Thinking of Starting 2017 with a New Furry Family Member?
Picking the right cat to bring into your house is a decision that shouldn’t be taken lightly. The new kitty will become another member of your family for the subsequent 10 to 20 years. You will be responsible for its food, health and overall care for the rest of its life.
The problem is that there are so many different cats out there to choose from. Cats of different breeds, different ages and different personalities with each meshing differently with different families and situations. Here’s some tips as you think about adding a new furry family member to get your 2017 started!
Should you get a kitten or adult cat?
One of the first things to consider is the age of the cat that you will adopt. A lot of this boils down to your individual lifestyle and expectations.
Younger cats tend to be more energetic and require more attention and stimulation. Most kittens are curious, playful and often mischievous. They require careful supervision to keep them out of trouble. So if you are out long hours for work or travel often, a kitten may not be the best fit for you.
Adult cats require less supervision but definitely still require play and environmental stimulation like cat trees and access to windows. If you tend to be gone longer hours during the day, an adult cat may be a better option for you.
Senior cats can be a great fit for people who work from home or retirees. These cats don’t need as much play, but do still need environmental stimulation to stay active. Additionally, you’ll want to think about the cost potentially associated with senior cat care, disease management, or end of life care. When you adopt a senior cat, you’re helping them live the rest of their lives in comfort and love – and surely there’s no better reward than that.
What kind of personality should you look for?
Choosing the right cat personality is very important when you’re looking for a new furry family member. No two cats are exactly alike, even if they are from the same breed or come from the same litter.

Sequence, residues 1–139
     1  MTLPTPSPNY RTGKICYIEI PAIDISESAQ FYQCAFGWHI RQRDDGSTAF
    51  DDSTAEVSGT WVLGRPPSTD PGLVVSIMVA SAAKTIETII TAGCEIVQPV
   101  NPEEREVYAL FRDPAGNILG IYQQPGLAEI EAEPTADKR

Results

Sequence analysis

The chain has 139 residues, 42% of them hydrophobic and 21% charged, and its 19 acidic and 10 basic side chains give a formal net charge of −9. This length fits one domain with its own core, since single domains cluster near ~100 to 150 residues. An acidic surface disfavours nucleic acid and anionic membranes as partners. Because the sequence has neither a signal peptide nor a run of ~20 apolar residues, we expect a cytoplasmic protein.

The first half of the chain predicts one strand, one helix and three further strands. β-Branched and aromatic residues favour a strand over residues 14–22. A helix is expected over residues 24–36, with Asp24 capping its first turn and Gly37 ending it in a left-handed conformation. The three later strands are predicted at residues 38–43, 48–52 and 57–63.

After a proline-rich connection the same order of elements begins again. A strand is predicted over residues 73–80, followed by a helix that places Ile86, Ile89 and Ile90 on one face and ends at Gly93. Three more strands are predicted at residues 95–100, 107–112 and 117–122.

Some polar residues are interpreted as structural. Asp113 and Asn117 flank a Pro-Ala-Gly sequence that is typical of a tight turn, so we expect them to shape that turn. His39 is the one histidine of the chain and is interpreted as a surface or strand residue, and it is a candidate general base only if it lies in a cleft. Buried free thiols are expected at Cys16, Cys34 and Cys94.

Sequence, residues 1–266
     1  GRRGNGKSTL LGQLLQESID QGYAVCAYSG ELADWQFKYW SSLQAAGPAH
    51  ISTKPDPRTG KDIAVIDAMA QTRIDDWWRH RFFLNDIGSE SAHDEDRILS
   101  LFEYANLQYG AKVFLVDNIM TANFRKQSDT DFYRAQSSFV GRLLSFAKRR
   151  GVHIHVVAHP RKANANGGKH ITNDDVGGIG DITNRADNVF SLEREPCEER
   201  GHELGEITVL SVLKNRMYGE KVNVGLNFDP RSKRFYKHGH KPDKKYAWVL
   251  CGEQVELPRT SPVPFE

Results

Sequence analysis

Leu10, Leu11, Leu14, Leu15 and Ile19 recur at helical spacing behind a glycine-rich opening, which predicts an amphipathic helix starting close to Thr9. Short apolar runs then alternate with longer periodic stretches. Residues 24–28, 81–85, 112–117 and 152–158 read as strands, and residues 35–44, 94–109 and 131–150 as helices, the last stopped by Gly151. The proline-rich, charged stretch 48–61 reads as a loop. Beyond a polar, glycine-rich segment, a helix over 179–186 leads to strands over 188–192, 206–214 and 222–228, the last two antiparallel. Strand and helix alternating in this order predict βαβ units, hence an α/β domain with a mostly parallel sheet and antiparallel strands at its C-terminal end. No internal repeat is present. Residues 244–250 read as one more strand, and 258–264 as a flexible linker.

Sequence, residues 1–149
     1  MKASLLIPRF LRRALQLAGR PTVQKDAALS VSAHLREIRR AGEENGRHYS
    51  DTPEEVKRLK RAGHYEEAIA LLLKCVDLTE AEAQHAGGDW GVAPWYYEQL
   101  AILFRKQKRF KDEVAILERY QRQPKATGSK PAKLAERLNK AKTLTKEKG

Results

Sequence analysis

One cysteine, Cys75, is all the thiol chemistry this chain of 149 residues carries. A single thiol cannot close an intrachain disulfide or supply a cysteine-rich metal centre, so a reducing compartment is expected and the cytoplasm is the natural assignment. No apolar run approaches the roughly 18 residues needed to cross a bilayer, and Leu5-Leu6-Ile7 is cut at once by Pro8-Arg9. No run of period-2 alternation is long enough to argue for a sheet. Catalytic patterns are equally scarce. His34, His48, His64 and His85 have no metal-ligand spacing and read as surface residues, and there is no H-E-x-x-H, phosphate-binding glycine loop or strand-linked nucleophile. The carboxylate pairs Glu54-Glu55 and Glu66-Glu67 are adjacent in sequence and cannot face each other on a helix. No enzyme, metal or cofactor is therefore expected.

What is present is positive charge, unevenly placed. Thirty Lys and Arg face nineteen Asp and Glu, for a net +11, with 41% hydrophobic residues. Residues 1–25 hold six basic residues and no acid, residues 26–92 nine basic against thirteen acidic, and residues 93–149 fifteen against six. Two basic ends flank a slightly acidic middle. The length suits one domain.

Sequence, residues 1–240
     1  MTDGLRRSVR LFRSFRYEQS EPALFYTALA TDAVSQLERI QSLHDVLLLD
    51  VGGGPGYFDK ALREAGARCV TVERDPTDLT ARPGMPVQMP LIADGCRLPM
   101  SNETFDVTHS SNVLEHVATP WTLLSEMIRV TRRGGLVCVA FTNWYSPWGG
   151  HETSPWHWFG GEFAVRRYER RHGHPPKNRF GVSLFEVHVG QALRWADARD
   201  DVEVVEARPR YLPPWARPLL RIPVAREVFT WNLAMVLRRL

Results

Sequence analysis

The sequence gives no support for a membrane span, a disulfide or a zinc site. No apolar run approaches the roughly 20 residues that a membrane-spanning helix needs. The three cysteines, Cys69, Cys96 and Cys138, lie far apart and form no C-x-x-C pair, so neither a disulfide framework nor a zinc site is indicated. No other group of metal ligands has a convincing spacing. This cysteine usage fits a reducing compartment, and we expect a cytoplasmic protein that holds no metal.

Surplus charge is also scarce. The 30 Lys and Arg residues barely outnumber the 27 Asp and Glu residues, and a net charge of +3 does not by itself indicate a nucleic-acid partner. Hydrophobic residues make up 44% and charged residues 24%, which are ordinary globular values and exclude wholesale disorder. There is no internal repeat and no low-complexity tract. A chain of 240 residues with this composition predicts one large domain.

You’ll find some cats don’t want to be picked up while others love it. Some want to play all the time and others don’t seem to like any toy you bring home. As you look for potential new furry family members, spend some time with the kitty if you’re able to. Try to get a feel for the cat’s personality and make sure it jives with your own. Usually they let you know when the bond is right!
If you have kids in your home, make sure you help them understand at a young age how to approach cats and pet them gently. This will help your new cat and your child form a relationship built on trust and love and hopefully create a bond that will last a lifetime.
Should you pick a short-haired or long-haired cat?
It all depends on how much loose fur you can tolerate! All cats leave hairy calling cards throughout the house, but long-haired kitties will obviously shed more noticeably than their short-haired cousins. Long-haired cats also require frequent grooming to prevent matting. And if those mats get bad enough, you might needs to go to the veterinarian to have them shaved or cut out. If you do want a long-haired cat but are anxious about the grooming process, talk to us for tips on how to make it a more enjoyable experience for your feline.
Is it better to get a purebred kitty or mixed breed?
We strongly recommend adopting a mixed-breed cat. Animal shelters are filled with non-purebred felines who need a permanent home, and vary in age and personality. Odds are you’ll find a kitty that meets your family’s needs.
If you have your heart set on a specific breed, make sure you do your research about the health risks affecting that type of cat and find yourself a reputable breeder. Because of inbreeding, some breeds are more likely to suffer from certain medical conditions. If you do want a particular breed and are hoping for an adult cat, reach out to local purebred rescue organizations that frequently have an array of cats looking for new homes.
Should you adopt a cat with special needs?
Though special needs cats require more care and attention, they often make wonderful companions. Such felines might be older, deaf, blind or have an illness that requires regular medication, but their condition doesn’t reduce love they have to give; it just means extra commitment on your part to meet their needs. If you fall in love with a special needs cat, feel free to contact us about the cat’s medical needs are before you commit to make sure you can handle the cat’s needs financially.
Should you bring a cat into a multi-pet household?
The last thing to consider as you decide on a new cat is how its presence might affect any other cats or pets already living in your house. This one is the toughest because you may set yourself up for success and do all the right things only to have a minor war breakout in your living room. But don’t be discouraged!
The key is patience. Often times cats that seem not to like each other in the beginning get more comfortable with each other and sharing space as time progresses. In our next blog post, we’ll talk about ways to introduce a new family member to your current cat or dog.